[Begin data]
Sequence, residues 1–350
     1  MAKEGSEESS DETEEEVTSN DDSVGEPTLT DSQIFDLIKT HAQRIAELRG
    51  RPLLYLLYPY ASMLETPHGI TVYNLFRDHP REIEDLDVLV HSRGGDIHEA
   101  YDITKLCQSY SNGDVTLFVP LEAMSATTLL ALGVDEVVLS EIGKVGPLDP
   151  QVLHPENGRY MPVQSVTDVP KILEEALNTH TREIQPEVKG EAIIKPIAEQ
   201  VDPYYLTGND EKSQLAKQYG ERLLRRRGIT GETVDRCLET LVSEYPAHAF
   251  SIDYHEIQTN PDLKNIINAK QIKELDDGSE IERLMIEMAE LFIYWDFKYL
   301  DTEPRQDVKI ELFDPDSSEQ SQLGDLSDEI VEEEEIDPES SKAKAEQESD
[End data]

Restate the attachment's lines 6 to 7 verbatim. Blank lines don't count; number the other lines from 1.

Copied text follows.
   201  VDPYYLTGND EKSQLAKQYG ERLLRRRGIT GETVDRCLET LVSEYPAHAF
   251  SIDYHEIQTN PDLKNIINAK QIKELDDGSE IERLMIEMAE LFIYWDFKYL